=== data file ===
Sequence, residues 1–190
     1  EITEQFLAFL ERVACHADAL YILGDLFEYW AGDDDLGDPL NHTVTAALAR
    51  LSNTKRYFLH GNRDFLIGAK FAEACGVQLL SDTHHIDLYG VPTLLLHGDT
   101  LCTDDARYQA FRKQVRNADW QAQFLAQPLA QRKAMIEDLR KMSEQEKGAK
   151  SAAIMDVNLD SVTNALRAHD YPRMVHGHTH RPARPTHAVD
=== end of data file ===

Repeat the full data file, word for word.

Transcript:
Sequence, residues 1–190
     1  EITEQFLAFL ERVACHADAL YILGDLFEYW AGDDDLGDPL NHTVTAALAR
    51  LSNTKRYFLH GNRDFLIGAK FAEACGVQLL SDTHHIDLYG VPTLLLHGDT
   101  LCTDDARYQA FRKQVRNADW QAQFLAQPLA QRKAMIEDLR KMSEQEKGAK
   151  SAAIMDVNLD SVTNALRAHD YPRMVHGHTH RPARPTHAVD